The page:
6. Have thermal modalities present in order to control bleeding that is not responsive to tamponade with the rigid scope.


This new generation airway tool has its roots in the rotary vacuum shaver introduced in 1968 by Urban to assist in removal of acoustic neuromas. After considerable evolution and improvements in design, present day microdebriders are employed by a variety of specialists from orthopedic surgeons to otolaryngologists. The microdebrider is not only useful for endoscopic dissection of obstructing airway tissue, but it is employed in a variety of applications including endoscopic sinus surgery, cosmetic surgery, and endoscopic joint surgeries [4].

Simoni et al were the first to report use of the microdebrider as first line therapy to remove obstructive malignant tissue in the airway [5]. Twenty seven patients with advanced laryngotracheal carcinoma underwent endoscopic debridement with the microdebrider followed by radiation therapy. All patients had relief of dyspnea and only three patients eventually required tracheotomy: one due to vocal cord paralysis and two due to radiation induced laryngotracheal edema. These authors found the microdebrider to be a safe, quick, and effective tool in their patients.

We have reported our experience with removing both benign and malignant airway lesions with the microdebrider [3,6,7]. We employed the microdebrider in 44 patients with central airway obstruction due to various causes: granulation tissue from tracheotomy or prior intubation – 24 ;, idiopathic subglottic stenosis – 4; stent-related granulation tissue – 4; granulation tissue after surgical airway reconstruction – 1; airway papilloma – 1; non-small cell carcinoma – 8; small cell carcinoma – 1; and thyroid carcinoma - 1. Obstructing lesions were removed rapidly with a range of dissection times from 2 to 20 minutes. Despite some of the lesions being malignant, there were no episodes of significant airway bleeding and no other procedure-related complications. All patients had relief of dyspnea postoperatively.

While other modalities, including laser-assisted rigid debridement, are available for removing obstructive tissue from the central airways, the microdebrider has important advantages. First, all thermal modalities require that the operator debride, suction, and apply thermal energy to the airway in a sequential manner. In the case of laser, electrocautery, and argon plasma coagulation, care must be taken to deplete airway oxygen levels before thermal energy is delivered in order to avoid airway fires. This may mean that some interventions are quite prolonged. In contrast, the microdebrider combines suction and dissection and may obviate the need for thermal modalities altogether, thus shortening intervention times. Second, the simultaneous removal of blood and debris by the microdebrider allows for greater visualization of airway lesions during dissection as compared to traditional rigid techniques. Third, the ability of the microdebrider to draw tissue into the blade aperture allows for the surgeon to precisely limit its effects. Injury to normal airway mucosa can be avoided and serious consequences of rigid debridement such as airway perforation, injury to vessels, and fistula formation can be avoided.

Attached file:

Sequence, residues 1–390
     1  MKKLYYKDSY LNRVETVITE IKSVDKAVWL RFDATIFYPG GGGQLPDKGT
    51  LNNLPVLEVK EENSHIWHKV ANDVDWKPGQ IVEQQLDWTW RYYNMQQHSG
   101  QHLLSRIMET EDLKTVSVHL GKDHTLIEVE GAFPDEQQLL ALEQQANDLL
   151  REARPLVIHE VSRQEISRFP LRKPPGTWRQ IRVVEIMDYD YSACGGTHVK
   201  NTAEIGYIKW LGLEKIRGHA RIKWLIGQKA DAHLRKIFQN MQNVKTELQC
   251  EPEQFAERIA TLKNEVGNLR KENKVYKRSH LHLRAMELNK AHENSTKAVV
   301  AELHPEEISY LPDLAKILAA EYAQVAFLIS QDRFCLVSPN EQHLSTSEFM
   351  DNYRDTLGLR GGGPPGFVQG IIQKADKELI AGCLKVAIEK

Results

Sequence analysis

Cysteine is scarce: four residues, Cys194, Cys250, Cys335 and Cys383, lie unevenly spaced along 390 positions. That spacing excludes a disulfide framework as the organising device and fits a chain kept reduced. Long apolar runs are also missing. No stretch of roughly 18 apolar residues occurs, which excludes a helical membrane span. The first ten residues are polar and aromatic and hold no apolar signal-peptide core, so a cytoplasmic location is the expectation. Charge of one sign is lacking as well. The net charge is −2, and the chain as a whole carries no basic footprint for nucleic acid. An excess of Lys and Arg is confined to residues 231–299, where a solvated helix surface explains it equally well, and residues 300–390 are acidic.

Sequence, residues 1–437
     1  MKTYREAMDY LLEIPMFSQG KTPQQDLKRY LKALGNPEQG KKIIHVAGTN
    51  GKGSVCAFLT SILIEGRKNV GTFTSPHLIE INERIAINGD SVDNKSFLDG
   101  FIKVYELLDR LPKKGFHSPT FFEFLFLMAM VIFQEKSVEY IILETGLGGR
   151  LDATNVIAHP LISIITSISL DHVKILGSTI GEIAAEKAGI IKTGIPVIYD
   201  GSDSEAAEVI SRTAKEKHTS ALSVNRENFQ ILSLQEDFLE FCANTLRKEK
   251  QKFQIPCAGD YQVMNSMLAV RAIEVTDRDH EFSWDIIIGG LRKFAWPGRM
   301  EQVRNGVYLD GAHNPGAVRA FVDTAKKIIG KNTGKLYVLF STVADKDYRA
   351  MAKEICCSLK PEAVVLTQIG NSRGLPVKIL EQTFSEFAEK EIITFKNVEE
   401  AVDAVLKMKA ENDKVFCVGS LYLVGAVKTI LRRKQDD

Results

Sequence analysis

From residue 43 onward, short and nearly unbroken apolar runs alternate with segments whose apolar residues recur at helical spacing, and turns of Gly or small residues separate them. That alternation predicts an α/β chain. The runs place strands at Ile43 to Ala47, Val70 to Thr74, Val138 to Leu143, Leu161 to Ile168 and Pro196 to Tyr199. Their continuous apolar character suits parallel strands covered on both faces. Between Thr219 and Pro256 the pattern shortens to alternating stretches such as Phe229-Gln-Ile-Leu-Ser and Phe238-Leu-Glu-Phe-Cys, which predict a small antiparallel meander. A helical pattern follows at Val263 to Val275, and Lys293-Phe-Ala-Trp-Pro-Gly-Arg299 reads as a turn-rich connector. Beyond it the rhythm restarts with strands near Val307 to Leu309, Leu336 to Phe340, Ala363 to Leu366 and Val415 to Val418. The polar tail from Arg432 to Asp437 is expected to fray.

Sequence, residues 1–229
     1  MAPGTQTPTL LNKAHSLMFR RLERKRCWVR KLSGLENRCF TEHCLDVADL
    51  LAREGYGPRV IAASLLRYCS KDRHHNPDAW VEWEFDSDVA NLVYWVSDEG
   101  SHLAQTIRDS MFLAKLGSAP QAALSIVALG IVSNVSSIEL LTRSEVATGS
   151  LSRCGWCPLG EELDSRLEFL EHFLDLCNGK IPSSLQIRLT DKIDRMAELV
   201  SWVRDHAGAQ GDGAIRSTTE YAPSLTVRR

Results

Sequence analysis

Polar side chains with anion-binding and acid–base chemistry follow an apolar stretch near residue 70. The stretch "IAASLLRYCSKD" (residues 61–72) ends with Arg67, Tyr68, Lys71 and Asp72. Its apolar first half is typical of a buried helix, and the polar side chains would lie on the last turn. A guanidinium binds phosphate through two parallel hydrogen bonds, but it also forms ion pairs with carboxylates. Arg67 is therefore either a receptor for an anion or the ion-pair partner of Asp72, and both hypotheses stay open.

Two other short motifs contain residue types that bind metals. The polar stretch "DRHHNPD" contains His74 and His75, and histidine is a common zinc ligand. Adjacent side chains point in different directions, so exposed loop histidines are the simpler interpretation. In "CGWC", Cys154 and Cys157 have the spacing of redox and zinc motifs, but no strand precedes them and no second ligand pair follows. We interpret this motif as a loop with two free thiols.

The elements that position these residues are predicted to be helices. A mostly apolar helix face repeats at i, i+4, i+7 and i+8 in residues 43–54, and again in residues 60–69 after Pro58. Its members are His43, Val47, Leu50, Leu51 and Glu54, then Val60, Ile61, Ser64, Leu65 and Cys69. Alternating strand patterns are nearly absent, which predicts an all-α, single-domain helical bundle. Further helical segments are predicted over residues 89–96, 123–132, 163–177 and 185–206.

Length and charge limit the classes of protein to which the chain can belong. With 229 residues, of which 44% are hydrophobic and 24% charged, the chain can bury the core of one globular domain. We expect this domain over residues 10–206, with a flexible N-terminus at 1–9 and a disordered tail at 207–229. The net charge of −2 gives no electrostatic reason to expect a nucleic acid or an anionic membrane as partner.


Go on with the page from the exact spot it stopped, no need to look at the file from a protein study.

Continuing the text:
An important caveat is that investigators have reported that microdebriders have been associated with inadvertent resection of normal tissue during sinus surgery[8]. While this complication usually occurs with the use of a drilling bur, it also may occur with cutting blades. Factors associated with such misadventures include: 1) overzealous suction pressure applied to the hand piece resulting in excess tissue being drawn into the blade, and 2) inadequate visualization of the blade or bur.


The microdebrider represents a new generation airway tool that allows for safe, rapid, and effective removal of obstructing tissue from the central airway. The technology is readily compatible with the rigid bronchoscopes already stocked by most thoracic operating theaters. Used properly, the microdebrider allows for greater preservation of normal airway mucosa than traditional endoscopic techniques.


  1. Ernst A, Feller-Kopman D, Becker HD, et al. Central airway obstruction. Am J Respir Crit Care Med 2004;169:1278-1297.
  2. Mathisen DJ, Grillo HC. Endoscopic relief of malignant airway obstruction. Ann Thorac Surg 1989;48:469-473.
  3. Lunn W, Garland R, Ashiku S, et al. Microdebrider bronchoscopy: a new tool for the interventional bronchoscopist. Ann Thorac Surg 2005;80:1485-1488.
  4. Powered Instrumentation in Otolaryngology-Head and Neck Surgery. 1 ed. San Diego: Singular, 2001
  5. Simoni P, Peters GE, Magnuson JS, et al. Use of the endoscopic microdebrider in the management of airway obstruction from laryngotracheal carcinoma. Ann Otol Rhinol Laryngol 2003;112:11-13.
  6. Lunn W, Gunter E, Garb H, et al. Use of a microdebrider for management of intubation related laryngotracheal granulation tissue. Am J Respir Crit Care Med 2003;150:A526.
  7. Lunn W, Loebe M, Bechara R, et al. Further Experience with Microdebrider Bronchoscopy: A New Tool for Treating Central Airway Obstruction. Chest 2005;128:209S.
  8. Kuhnel T, Hosemann W, Rothammer R. Evaluation of powered instrumentation in out-patient revisional sinus surgery. Rhinology 2001;39:215-219.

Add comment

Log in or register to post comments